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Mayer-Rokitansky-Küster-Hauser syndrome (MRKH), also known as Müllerian aplasia, is a congenital anomaly characterized by vaginal and uterine aplasia or agenesis 9. It is usually also associated with a spectrum of other genitourinary tract abnormalities. MRKH syndrome belongs to class I Mullerian duct anomalies.
Two different forms are described:
- the typical form (type A) of this syndrome is characterized by congenital absence of the uterus and upper 2/3 vagina with normal ovaries and fallopian tubes
- the atypical form (type B) of the syndrome includes associated abnormalities of the ovaries and fallopian tubes and renal anomalies
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It has a reported incidence of ~1:4000-5000 live female births.
The typical presentation is that of primary amenorrhea, with normal hormonal levels guaranteed by fully functional gonads. At times cyclic pelvic pain may be present in the post-pubertal period due to an accumulation of hemorrhagic material within uterine buds with a functioning endometrium.
The anomaly is thought to arise during embryogenesis, with arrested development of the paramesonephric ducts at ~7 weeks after fertilisation.
MRKH syndrome is generally characterized by normal external genitalia and absence or reduced development of the uterus and upper two-thirds of the vagina.
The fallopian tubes, uterus, cervix and upper ¾ of vagina develop from the Müllerian ducts from the 8th-12th gestational weeks. A developmental defect occurring at this stage leads to agenesis of Müllerian structures. The development of kidneys, ureter, and bladder occurs concomitantly at around the 6th-12th weeks of gestation. The presence of residual components such as a blind vaginal pouch and a rudimentary uterus (non-functioning myometrial tissue) are noted in a significant proportion of patients.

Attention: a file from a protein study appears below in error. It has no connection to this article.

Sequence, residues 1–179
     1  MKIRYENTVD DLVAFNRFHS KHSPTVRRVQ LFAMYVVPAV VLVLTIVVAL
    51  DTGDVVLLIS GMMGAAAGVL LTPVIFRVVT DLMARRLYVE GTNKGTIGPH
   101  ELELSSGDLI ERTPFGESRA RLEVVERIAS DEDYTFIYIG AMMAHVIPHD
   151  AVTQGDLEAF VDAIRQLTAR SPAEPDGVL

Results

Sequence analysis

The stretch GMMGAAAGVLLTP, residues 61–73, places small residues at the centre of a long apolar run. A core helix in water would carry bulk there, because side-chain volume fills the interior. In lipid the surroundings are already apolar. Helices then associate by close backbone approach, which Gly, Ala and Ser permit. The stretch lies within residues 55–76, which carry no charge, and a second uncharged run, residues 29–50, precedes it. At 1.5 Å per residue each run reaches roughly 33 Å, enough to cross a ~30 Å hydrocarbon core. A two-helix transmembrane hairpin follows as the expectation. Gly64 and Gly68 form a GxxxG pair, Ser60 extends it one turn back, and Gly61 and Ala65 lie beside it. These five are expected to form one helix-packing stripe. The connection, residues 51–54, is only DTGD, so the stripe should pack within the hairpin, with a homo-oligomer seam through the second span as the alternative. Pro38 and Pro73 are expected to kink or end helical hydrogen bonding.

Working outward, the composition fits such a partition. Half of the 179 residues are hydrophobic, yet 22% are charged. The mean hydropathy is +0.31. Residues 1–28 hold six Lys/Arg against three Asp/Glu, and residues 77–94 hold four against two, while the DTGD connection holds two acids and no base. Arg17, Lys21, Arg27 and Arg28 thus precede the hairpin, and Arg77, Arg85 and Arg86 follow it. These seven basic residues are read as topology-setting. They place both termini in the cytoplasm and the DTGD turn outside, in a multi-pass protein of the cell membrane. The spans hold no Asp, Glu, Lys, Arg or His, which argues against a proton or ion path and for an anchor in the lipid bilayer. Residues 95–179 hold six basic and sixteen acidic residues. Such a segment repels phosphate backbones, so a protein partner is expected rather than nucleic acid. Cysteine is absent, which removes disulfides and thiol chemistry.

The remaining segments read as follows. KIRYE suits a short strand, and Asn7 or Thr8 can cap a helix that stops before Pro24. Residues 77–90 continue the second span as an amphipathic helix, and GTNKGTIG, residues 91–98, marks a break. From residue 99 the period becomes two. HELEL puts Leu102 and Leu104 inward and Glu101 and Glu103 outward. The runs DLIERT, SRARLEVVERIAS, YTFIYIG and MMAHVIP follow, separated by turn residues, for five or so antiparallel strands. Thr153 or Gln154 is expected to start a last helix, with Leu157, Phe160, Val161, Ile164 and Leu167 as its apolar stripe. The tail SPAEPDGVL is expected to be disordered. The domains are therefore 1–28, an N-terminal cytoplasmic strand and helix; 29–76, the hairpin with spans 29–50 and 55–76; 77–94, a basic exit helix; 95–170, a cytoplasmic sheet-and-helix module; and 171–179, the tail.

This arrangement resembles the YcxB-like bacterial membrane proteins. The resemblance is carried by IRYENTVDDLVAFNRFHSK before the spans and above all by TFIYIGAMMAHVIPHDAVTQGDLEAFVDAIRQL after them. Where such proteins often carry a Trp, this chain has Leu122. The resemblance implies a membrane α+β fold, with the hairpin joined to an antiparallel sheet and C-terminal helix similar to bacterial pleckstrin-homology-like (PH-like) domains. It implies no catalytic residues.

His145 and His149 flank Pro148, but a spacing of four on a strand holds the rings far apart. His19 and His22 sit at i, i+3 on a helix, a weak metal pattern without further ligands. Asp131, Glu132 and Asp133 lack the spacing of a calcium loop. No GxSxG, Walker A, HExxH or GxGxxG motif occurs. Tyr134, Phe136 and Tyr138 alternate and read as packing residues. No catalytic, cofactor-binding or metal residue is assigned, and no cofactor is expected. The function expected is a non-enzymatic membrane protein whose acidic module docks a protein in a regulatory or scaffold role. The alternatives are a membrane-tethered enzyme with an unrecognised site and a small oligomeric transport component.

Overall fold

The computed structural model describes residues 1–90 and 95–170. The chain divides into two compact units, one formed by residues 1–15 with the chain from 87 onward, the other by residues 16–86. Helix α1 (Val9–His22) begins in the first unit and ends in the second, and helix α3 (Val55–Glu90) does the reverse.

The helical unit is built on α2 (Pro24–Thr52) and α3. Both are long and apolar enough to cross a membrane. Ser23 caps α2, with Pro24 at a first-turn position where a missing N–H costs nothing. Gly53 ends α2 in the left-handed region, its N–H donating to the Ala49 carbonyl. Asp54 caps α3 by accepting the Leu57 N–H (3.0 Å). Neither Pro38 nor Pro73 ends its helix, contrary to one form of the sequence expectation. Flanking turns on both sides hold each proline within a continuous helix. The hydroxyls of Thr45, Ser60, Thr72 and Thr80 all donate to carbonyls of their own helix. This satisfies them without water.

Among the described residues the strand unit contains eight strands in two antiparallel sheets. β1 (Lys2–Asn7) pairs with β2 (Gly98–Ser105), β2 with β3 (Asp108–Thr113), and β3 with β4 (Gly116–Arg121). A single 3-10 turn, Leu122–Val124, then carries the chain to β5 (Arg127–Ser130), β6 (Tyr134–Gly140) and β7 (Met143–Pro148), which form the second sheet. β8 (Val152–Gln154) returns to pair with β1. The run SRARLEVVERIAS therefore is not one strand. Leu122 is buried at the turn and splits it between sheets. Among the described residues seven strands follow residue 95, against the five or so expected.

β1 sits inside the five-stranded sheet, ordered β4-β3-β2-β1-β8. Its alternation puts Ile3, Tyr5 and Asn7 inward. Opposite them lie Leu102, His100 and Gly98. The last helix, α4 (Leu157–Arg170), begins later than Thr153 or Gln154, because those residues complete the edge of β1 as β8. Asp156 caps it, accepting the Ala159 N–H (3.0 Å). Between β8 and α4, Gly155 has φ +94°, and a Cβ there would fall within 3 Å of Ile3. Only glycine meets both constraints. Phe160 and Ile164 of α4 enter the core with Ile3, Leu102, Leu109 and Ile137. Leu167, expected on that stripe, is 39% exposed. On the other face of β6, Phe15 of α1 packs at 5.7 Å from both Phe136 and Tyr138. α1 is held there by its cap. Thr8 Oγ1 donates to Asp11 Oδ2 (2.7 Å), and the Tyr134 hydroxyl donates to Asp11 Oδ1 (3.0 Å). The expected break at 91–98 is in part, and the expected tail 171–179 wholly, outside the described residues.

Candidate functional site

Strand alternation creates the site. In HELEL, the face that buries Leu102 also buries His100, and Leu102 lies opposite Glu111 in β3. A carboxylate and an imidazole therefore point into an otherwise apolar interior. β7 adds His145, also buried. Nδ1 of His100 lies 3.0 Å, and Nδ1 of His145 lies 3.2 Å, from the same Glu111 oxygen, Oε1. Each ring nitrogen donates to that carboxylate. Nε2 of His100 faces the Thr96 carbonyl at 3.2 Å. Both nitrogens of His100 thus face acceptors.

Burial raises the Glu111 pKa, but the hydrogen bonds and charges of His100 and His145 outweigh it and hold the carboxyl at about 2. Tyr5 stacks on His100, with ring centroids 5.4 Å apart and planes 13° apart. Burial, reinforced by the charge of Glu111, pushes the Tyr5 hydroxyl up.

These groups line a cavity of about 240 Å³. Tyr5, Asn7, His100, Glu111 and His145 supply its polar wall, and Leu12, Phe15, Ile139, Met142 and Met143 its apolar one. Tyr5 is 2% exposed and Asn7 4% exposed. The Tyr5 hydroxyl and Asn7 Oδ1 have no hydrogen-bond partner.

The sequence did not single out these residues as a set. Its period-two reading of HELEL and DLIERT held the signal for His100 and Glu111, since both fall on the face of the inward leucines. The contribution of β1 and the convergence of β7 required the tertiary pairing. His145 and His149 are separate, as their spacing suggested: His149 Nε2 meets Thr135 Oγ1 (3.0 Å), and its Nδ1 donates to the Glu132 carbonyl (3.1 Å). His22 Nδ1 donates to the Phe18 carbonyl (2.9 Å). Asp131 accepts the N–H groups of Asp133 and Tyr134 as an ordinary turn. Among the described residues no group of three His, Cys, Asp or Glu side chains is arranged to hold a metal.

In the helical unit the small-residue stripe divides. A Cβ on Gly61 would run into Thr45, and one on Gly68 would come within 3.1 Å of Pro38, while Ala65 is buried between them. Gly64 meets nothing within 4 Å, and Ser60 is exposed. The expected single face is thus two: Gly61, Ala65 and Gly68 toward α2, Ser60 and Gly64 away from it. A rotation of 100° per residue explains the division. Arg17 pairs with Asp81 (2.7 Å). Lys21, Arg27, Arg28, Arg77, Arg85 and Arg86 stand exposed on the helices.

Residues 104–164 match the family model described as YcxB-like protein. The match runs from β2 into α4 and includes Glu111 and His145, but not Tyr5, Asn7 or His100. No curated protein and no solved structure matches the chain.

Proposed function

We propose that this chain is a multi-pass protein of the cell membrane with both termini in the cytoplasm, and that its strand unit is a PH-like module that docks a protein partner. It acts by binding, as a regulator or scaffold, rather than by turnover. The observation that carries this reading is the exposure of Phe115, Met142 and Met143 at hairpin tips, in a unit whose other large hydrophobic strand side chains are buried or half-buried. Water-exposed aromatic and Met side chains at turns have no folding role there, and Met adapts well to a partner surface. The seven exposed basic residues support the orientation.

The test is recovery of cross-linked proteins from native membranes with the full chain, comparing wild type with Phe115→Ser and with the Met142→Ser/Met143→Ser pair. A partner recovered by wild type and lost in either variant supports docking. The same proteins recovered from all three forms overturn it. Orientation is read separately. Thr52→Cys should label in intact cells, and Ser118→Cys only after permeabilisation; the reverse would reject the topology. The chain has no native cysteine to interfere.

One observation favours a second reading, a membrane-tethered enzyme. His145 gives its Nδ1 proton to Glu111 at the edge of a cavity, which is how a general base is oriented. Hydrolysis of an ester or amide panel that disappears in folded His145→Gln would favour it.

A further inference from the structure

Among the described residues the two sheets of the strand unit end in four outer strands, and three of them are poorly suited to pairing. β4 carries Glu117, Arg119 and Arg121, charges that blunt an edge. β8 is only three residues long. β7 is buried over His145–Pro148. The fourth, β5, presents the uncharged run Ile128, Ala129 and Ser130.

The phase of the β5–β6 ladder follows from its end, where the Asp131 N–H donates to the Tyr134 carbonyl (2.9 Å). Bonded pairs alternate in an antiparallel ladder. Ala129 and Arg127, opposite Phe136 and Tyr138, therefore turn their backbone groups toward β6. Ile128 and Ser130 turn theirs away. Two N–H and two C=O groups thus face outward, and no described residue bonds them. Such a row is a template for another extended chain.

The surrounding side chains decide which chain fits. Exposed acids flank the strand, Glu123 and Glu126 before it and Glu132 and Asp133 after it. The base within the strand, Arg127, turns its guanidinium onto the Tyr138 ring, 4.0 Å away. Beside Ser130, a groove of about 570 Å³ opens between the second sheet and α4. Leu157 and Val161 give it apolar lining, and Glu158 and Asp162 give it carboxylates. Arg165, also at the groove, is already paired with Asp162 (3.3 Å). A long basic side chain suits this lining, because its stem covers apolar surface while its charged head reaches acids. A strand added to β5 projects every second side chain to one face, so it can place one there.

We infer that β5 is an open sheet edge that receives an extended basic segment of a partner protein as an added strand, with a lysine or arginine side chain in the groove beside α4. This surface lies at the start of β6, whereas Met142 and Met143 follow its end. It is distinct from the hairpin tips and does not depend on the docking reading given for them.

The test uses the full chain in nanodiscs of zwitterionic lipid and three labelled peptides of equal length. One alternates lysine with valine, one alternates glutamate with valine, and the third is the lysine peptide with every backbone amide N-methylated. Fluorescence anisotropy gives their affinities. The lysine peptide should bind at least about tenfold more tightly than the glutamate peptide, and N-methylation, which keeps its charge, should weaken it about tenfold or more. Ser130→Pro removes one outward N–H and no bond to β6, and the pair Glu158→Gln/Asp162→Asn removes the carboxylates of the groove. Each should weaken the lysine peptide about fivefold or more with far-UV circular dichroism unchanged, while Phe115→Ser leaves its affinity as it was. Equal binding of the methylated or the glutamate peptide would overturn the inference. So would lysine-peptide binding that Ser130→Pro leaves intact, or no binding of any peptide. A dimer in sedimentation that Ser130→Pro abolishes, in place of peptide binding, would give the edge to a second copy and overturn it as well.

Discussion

The syndrome is often associated with alterations in the urinary or skeletal system which include:
- vertebral anomalies: may be present in ~10% of cases
- renal anomalies: such as renal agenesis, ectopic kidney, fused kidney, renal hypoplasia, and horseshoe kidney may be seen in 30-40% of patients with the syndrome 4
Although hysterosalpingography has a well-established use in characterizing uterine Mullerian duct anomalies, it has no place in MRKH syndrome given the hypoplasia/agenesis of the uterus and 2/3 of vagina.
Usually there is absence of the uterus and normal ovaries. Also, ultrasound may demonstrate any associated renal tract anomaly.
This is the imaging modality of choice after initial assessment with ultrasound, allowing characterization of the uterine buds and presence of functioning endometrium within them.
History and etymology
It is named after the German physician August Franz Josef Karl Mayer (1787-1865), Austrian pathologist Karl Freiherr von Rokitansky (1804-1878), German gynecologist Hermann Küster (1879-?) and the Swiss physician Georges André Hauser (1921-?) 7,8.
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- 5. Saleem SN. MR imaging diagnosis of uterovaginal anomalies: current state of the art. Radiographics. 23 (5): e13. doi:10.1148/rg.e13 - Pubmed citation
- 6. Preibsch H, Rall K, Wietek BM et-al. Clinical value of magnetic resonance imaging in patients with Mayer-Rokitansky-Küster-Hauser (MRKH) syndrome: diagnosis of associated malformations, uterine rudiments and intrauterine endometrium. (2014) European radiology. 24 (7): 1621-7. doi:10.1007/s00330-014-3156-3 - Pubmed
- 7. William Alexander Newman Dorland. Dorland's Illustrated Medical Dictionary. (2018) ISBN: 9781416023647
- 8. Patnaik SS, Brazile B, Dandolu V et-al. Mayer-Rokitansky-Küster-Hauser (MRKH) syndrome: a historical perspective. (2015) Gene. 555 (1): 33-40. doi:10.1016/j.gene.2014.09.045 - Pubmed
- 9. Herlin M, Petersen M, Brännström M. Mayer-Rokitansky-Küster-Hauser (MRKH) Syndrome: A Comprehensive Update. Orphanet J Rare Dis. 2020;15(1):214. doi:10.1186/s13023-020-01491-9 - Pubmed